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King Solomon's Mines

Found
And now I come to perhaps the strangest adventure that happened to us in all this strange
business, and one which shows how wonderfully things are brought about.
I was walking along quietly, some way in front of the other two, down the banks of the
stream which runs from the oasis till it is swallowed up in the hungry desert sands, when
suddenly I stopped and rubbed my eyes, as well I might. There, not twenty yards in front
of me, placed in a charming situation, under the shade of a species of fig-tree, and facing
to the stream, was a cosy hut, built more or less on the Kafir principle with grass and
withes, but having a full-length door instead of a bee-hole.
"What the dickens," said I to myself, "can a hut be doing here?" Even as I said it the door
of the hut opened, and there limped out of it a white man clothed in skins, and with an
enormous black beard. I thought that I must have got a touch of the sun. It was
impossible. No hunter ever came to such a place as this. Certainly no hunter would ever
settle in it. I stared and stared, and so did the other man, and just at that juncture Sir
Henry and Good walked up.
"Look here, you fellows," I said, "is that a white man, or am I mad?"
Sir Henry looked, and Good looked, and then all of a sudden the lame white man with a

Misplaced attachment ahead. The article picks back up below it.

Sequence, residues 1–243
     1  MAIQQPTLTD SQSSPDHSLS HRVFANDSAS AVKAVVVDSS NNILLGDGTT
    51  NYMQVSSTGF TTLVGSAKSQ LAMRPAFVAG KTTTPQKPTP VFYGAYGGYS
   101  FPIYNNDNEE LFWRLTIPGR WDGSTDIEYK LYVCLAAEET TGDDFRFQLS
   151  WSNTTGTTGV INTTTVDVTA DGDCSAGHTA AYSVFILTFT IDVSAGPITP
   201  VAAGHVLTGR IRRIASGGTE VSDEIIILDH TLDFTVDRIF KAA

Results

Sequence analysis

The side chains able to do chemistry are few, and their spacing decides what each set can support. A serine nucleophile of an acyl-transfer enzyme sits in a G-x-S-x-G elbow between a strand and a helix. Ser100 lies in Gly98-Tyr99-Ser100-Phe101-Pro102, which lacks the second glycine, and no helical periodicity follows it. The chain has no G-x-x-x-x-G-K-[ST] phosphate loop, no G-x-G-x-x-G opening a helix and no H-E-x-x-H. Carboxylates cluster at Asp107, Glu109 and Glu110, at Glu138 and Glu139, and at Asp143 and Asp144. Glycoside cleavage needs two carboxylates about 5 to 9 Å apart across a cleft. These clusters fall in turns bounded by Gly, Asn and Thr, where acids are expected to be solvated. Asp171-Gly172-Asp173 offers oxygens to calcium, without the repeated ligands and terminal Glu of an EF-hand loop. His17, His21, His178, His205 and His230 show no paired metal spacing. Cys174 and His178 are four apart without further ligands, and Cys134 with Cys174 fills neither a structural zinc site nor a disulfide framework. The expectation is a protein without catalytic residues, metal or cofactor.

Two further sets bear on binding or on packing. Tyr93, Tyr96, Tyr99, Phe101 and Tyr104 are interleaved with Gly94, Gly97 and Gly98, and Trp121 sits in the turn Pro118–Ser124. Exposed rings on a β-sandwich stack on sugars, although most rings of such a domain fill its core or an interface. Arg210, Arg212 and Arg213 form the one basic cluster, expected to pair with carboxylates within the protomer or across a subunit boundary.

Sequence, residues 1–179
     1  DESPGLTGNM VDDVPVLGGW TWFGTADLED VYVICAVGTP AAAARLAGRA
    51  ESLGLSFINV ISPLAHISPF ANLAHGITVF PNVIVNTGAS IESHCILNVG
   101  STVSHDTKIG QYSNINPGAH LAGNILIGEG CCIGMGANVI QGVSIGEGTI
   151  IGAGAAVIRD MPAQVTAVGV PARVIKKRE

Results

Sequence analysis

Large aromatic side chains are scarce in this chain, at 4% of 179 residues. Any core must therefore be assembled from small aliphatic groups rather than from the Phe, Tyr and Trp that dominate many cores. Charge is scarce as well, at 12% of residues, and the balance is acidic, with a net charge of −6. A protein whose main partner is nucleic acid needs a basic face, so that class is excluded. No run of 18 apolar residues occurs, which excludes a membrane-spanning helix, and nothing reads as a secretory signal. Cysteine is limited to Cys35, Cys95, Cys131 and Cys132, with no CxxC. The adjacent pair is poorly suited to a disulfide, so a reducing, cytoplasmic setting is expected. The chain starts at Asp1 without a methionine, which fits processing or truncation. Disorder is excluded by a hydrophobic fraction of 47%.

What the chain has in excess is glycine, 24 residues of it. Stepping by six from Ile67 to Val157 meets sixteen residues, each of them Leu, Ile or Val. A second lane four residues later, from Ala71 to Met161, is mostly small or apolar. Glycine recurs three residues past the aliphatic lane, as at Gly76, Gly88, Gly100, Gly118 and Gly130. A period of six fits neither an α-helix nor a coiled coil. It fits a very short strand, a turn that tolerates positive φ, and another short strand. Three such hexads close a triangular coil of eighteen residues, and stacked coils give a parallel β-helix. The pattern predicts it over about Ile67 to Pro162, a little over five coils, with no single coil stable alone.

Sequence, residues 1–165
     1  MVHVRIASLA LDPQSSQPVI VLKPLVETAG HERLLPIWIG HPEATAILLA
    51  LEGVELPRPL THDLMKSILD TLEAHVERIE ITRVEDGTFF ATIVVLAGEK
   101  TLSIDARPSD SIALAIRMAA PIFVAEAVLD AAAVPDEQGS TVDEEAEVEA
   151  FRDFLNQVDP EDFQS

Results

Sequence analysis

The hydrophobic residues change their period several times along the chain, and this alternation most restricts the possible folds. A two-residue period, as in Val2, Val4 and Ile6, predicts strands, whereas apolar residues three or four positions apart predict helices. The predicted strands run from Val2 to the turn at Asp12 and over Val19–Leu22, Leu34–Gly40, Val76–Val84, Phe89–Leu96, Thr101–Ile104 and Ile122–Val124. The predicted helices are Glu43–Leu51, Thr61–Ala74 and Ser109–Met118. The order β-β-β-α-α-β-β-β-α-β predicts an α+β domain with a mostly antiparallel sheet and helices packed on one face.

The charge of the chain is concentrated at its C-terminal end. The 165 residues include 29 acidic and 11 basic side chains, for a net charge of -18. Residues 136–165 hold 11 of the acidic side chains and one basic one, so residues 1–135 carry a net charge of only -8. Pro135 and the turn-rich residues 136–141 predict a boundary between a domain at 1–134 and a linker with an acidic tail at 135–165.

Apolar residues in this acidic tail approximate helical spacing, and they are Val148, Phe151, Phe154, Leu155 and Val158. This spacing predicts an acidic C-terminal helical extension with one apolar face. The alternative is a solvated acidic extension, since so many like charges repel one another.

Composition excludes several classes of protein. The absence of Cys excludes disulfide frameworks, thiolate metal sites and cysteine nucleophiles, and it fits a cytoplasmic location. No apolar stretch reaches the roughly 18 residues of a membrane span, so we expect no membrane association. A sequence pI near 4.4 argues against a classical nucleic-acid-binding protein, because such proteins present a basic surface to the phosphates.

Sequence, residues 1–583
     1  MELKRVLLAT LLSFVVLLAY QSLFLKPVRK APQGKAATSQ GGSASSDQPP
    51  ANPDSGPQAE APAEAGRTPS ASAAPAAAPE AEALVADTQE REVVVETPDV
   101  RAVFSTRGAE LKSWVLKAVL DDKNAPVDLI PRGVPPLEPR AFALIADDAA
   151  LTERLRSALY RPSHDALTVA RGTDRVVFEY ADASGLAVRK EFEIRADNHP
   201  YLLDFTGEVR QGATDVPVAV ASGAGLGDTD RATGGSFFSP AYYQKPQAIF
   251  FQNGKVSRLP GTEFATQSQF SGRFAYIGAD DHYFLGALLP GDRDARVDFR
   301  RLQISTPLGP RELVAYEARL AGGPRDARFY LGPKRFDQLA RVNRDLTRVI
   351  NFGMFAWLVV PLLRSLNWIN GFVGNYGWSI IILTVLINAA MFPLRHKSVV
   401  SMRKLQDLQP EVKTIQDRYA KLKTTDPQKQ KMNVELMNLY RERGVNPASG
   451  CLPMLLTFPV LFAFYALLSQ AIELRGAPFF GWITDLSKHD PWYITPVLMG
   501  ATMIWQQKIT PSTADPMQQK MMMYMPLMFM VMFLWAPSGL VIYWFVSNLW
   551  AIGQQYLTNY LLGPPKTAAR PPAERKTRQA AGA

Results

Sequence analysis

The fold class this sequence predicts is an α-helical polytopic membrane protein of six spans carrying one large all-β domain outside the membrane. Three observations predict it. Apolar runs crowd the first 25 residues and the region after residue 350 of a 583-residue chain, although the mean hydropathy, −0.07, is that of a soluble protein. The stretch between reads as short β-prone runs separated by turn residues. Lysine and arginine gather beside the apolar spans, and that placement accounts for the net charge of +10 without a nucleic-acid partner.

black beard uttered a great cry, and began hobbling towards us. When he was close he
fell down in a sort of faint.
With a spring Sir Henry was by his side.
"Great Powers!" he cried, "it is my brother George!"
At the sound of this disturbance, another figure, also clad in skins, emerged from the hut,
a gun in his hand, and ran towards us. On seeing me he too gave a cry.
"Macumazahn," he halloed, "don't you know me, Baas? I'm Jim the hunter. I lost the note
you gave me to give to the Baas, and we have been here nearly two years." And the
fellow fell at my feet, and rolled over and over, weeping for joy.
"You careless scoundrel!" I said; "you ought to be well sjambocked" --that is, hided.
Meanwhile the man with the black beard had recovered and risen, and he and Sir Henry
were pump-handling away at each other, apparently without a word to say. But whatever
they had quarrelled about in the past--I suspect it was a lady, though I never asked--it was
evidently forgotten now.
"My dear old fellow," burst out Sir Henry at last, "I thought you were dead. I have been
over Solomon's Mountains to find you. I had given up all hope of ever seeing you again,
and now I come across you perched in the desert, like an old assvogel."[*]
[*] Vulture.
 
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